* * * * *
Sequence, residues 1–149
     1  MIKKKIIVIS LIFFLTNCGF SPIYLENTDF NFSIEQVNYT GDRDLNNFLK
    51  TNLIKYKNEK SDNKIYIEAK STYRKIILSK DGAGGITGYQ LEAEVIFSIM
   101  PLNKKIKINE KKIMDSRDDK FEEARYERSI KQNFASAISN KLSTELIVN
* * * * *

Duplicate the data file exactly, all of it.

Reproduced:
Sequence, residues 1–149
     1  MIKKKIIVIS LIFFLTNCGF SPIYLENTDF NFSIEQVNYT GDRDLNNFLK
    51  TNLIKYKNEK SDNKIYIEAK STYRKIILSK DGAGGITGYQ LEAEVIFSIM
   101  PLNKKIKINE KKIMDSRDDK FEEARYERSI KQNFASAISN KLSTELIVN